Navigating Experience Culture in a Worldwide Pandemic
My first escape room experience was at Big Sky Breakout's "Through the Looking Glass" with my Dad. Although this game is made for 10 people, he and I decided to give it a try with just the two of us. Little did we know, it was an experience we'd never forget! Experiencing together is nothing new to us, from moving around the country, visiting national parks, fly fishing on the Clark Fork or exploring new breweries, Dad and I love spending time together. But this escape room put us into a creative, playful, and bonding space we didn't know existed! We could have easily purchased a product, like a board game to play, but a board game would never have provided us with the experience that playing an escape room did. This idea that experience can outweigh a product is the exact idea behind "Experience Culture", the experience is the product. To gain memories, you must first experience. Humans crave the connections that an experience can foster. When the desire hits to experience something new or create memories with people we love, where do we turn to now that our world looks so different?
We are still open here at Big Sky Breakout with phase 2 pandemic procedures in place, mask wearing while you play, private games for your group, and thoroughly cleaned rooms before and after every game. Everyone of our staff members takes their temp and checks in with their health daily.
Now that we are living in pandemic times every aspect of our economy has taken a hit, the entertainment industry being no exception. Within that industry, experience culture has seen great difficulty staying afloat as new business models, such as escape rooms and axe throwing bars, seem to be losing clients and revenue at increasing rates. I found this Forbes article written by Rob Salkowitz to have some fascinating points regarding this idea. Salkowitz claims that a "generational shift in consumer preferences" is the cause for more businesses focused on creating experiences instead of products. As a game master at Big Sky Breakout, I get to see first hand how experience based activities are shifting our social norms and I doubt the same value could be taken away from buying a product. With this shift in consumers' desire for experiences, the owners of Big Sky Breakout sought to bring our incredible games to the Missoula Community. Since the onset of the pandemic I've wondered, how have small businesses stayed afloat?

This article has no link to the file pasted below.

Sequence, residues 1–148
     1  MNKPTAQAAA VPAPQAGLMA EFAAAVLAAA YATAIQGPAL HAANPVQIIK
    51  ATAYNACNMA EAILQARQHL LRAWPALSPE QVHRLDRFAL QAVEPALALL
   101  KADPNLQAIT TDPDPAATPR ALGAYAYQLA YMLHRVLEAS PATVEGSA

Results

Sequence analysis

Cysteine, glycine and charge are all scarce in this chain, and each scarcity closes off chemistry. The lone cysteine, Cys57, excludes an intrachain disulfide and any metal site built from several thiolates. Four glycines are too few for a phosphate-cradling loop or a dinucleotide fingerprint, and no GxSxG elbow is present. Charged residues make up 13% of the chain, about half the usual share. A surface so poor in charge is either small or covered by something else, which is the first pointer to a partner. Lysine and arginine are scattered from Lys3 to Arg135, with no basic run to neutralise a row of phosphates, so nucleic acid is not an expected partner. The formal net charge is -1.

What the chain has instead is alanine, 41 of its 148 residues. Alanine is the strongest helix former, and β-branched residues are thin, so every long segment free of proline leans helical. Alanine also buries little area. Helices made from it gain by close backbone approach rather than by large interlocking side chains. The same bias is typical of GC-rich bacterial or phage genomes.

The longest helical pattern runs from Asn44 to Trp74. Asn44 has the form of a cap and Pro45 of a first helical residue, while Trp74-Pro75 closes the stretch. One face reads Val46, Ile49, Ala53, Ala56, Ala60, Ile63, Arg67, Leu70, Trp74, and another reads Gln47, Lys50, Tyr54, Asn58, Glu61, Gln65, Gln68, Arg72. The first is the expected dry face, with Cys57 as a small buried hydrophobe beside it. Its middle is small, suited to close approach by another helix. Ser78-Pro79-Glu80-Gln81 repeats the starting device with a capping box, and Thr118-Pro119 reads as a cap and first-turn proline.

So what does Big Sky Breakout offer to keep relevant even during these times? When policies in Montana closed our doors at Big Sky Breakout, we took to the drawing board to find ways to keep the fun rolling. How could a physical experience happen when we couldn't share a physical space? Enter: Technology! As you may have seen in a past blog post, we partnered with The Escape Game Company to bring you the virtual escape game "Unlocked: Chasing Hahn". This digital online game allows you and your team to play together, even remotely! When being physically together isn't possible, this kind of virtual game is the next best thing. You can find this game on our websites homepage. Just click "The Escape Game" banner half way down the page to get the fun started!
Now that it seems the social distancing will continue, we've continued to find ways to bring new experiences home with you. Our Break-in Box games have received a make over! They no longer require one member to be the game master, rather there are clues throughout the game to guide you if you get stuck. This game involves a box inside a box inside...you guess it, another box! Take this game with you for some escape game fun from the comfort and safety of your own home!
Flexibility, patience, and imagination are at the forefront of how these small businesses in the experience economy will survive and incredible adaptations have already been made. Such adaptations can be seen at Missoula's local movie theater The Roxy. They've pivoted their usual atmosphere and have partnered with Ogren Field to create "Centerfield Cinema". These weekly showings take place on the baseball field and tickets are sold as group "plots" giving folks 10 x 10 or 10 x 20 foot areas to occupy during the movie. This allows for social distancing to be strictly enforced. Another exciting change the Roxy is creating is their outdoor patio garden to host movies for roughly 30 people at a social distance. What was once an alley, has been transformed into a charming space for a comfortable and intimate viewing experience. You can find out more about The Roxy Garden and their new annex in this Missoulian article. It's proof that the the Experience Economy has a chance of surviving with a bit of imagination.
We will soon have two of our 5 escape room games online that you can play virtually with your friends and family tuning in from your home or anywhere in the world. FUN! This kind of gaming will be released soon! These games are fully online and are for those who are more cautious about stepping outdoors! More news of these avatar escape room experiences soon in our monthly news letter. You can subscribe to our monthly news letter at the bottom of any page at
Life is too short not to play, experience, and create memories with the ones you love. The "Experience Economy" must survive to continue to provide this service to our community. It is more important now than ever to give ourselves break and find time to have fun. We pride ourselves at Big Sky Breakout in providing our community with that kind of fun, enriching break. With some imagination, flexibility and perseverance, we here at Missoula's premiere escape rooms will survive and thrive!
- Kathleen (Big Sky Breakout Lead Game Master)